According to Judge-Advocate Richard Atkins, the colony’s principle legal officer, a letter sent to him by Obadiah Ikin admitted he and his associates had “destroyed many of them [Aboriginals].”

Judge Atkins, a chronic alcoholic, fled to Sydney in 1792 after changing his name from Richard Bowyer to escape debts in Britain. Governor King sought his opinion on the colony’s legal treatment of Aborigines. Atkins concluded they were “at present incapable of being brought before a Criminal Court … and that the only mode at present, when they deserve it, is to pursue and inflict such punishment as they may merit.”

In 1799, Ikin sold the Pirrama peninsula for a gallon of rum to John Macarthur, wealthy wool pioneer and, later, proponent of the notorious Rum Rebellion – the 1808 armed insurrection when Governor Bligh was deposed by the NSW Corps and Major Johnston ruled under Macarthur’s guidance.

Also in 1799, Thomas Jones and wife Elizabeth were found guilty of murdering a Methodist missionary, Samuel Clode, and hung for the crime. A bay on the north-western tip of Pirrama, spanning the channel to Glebe Island, was named Jones Bay after the murderous private.

In 1803 the rest of the Pirrama peninsula and 14 acres of what is now Ultimo was granted to John Harris, a military surgeon and magistrate.

From Pirrama to plague town
John Macarthur renamed Pirrama ‘Pyrmont’, after Bad Pyrmont, a spa town in the district of Hamelin-Pyrmont in Germany, renowned for a mineral spring where people ‘took waters’ during an era when mineral springs were believed to have medicinal qualities.

The Pirrama spring, about 30 metres above sea level on the upper north-west, was a vital source of fresh water to indigenous communities in the area. It trickled through mosses and ferns and dripped into a cave formed by a large overhang. The water was captured in a bowl carved into the sandstone cave floor by Aborigines, later widened by British quarrymen to hold about 2 gallons (7.5 litres) and named Tinker’s Well.

The flow of water reportedly never ran dry, even in periods of drought. Because of its guaranteed availability, and the need to arrive early to collect it in buckets before long queues formed, a settlement of squatters in tin humpies established themselves nearby, known as Tin Pot Town.

Tin Pot Town remained for over a century, eventually dismantled when the land was acquired in 1935 for a garbage incinerator. The incinerator building was designed by husband-and-wife team, Walter Burley Griffin and Marion Mahoney (1912 winners of the international competition to design Australia’s capital, Canberra).

Pyrmont Incinerator was one of many built to deal with tons of rotting garbage accumulating on a daily basis, which NSW health authorities identified contributed to Sydney’s outbreak of bubonic plague at the turn of the century.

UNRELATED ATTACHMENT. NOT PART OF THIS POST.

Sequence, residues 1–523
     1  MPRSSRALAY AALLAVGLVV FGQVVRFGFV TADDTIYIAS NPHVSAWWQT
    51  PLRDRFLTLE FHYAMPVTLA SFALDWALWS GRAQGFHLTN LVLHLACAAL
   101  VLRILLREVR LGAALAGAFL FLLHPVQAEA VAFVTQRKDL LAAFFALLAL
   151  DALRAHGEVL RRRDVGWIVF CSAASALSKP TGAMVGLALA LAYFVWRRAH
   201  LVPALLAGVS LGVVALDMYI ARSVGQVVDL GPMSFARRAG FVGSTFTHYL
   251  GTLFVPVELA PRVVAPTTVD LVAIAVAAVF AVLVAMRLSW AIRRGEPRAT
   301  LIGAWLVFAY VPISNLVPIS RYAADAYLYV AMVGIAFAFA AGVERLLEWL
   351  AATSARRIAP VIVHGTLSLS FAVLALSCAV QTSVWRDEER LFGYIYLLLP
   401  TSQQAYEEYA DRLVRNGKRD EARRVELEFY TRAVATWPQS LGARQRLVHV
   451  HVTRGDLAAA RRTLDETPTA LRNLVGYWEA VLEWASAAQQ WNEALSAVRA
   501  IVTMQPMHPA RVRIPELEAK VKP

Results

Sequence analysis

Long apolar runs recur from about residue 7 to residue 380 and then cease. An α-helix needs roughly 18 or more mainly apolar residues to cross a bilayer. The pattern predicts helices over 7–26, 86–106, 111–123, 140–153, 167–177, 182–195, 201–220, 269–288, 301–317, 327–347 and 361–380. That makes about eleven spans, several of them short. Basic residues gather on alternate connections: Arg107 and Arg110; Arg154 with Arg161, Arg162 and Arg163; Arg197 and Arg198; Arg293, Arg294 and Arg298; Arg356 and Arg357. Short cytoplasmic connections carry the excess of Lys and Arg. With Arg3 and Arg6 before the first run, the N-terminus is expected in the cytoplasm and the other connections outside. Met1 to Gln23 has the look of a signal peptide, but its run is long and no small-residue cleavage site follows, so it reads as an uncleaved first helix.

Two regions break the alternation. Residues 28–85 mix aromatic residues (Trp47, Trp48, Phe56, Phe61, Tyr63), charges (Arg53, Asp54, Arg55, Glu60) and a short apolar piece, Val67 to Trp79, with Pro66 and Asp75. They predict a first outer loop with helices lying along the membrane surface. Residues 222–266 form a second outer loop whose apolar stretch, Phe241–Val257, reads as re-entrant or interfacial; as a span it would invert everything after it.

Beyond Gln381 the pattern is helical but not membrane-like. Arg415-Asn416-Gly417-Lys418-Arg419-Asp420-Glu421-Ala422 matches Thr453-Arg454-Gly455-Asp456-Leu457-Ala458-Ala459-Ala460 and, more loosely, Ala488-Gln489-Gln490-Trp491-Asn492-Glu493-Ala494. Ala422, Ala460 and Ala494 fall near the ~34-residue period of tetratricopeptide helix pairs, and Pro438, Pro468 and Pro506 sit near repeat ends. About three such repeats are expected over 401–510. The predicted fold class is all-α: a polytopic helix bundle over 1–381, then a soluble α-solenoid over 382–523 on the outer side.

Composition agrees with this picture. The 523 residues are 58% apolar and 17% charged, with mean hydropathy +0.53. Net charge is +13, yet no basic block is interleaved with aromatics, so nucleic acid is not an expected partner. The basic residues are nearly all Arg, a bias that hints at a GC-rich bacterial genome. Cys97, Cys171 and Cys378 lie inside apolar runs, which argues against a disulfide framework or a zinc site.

Sydney’s plague occurred during a global pandemic, arriving January 1900 via Darling Harbour on fleas carried by ship rats. The first recorded death was sailmaker Captain Thomas Dudley of Darling Harbour, probably infected whilst removing dead rats clogging his outdoors toilet.

Squads of rat-catchers were formed and tens of thousands of rats were killed and incinerated in an attempt to stop the plague’s spread. Councils paid six pence per corpse, so vermin extermination became a lucrative enterprise. In late August 1900, the plague was contained with 103 deaths among 303 recorded cases.

The NSW Govt compulsorily reclaimed ownership of almost the entire western foreshore, from Circular Quay to Darling Harbour, and used the plague as justification to evict and destroy shanty-town slums all over Pyrmont and The Rocks. Their impoverished occupants had no legal right of appeal. Authorities also demolished many small jetties in order to better regulate the main wharves.

There have been several other clearances of people from the lower socioeconomic scale in Pyrmont, including:
* 1875 construction of the CSR sugar refinery at Elizabeth Macarthur Bay.

* 1970s start of freeways criss-crossing Pyrmont. Freeways were eventually curtailed by green bans enacted by the Builders Labour Federation working with community action groups.

Many historic buildings and parks across the city, which today are major tourist attractions, would have been lost forever to carparks and high-rise if it weren’t for courageous green bans. The word ‘green’ to describe environmental-awareness came from this era.

* 1980s police clearance of squatters in Pyrmont and Glebe (who moved in while the area was severely run down) to make way for new high-rise apartments and renovated wharves under the Urban Renewal program.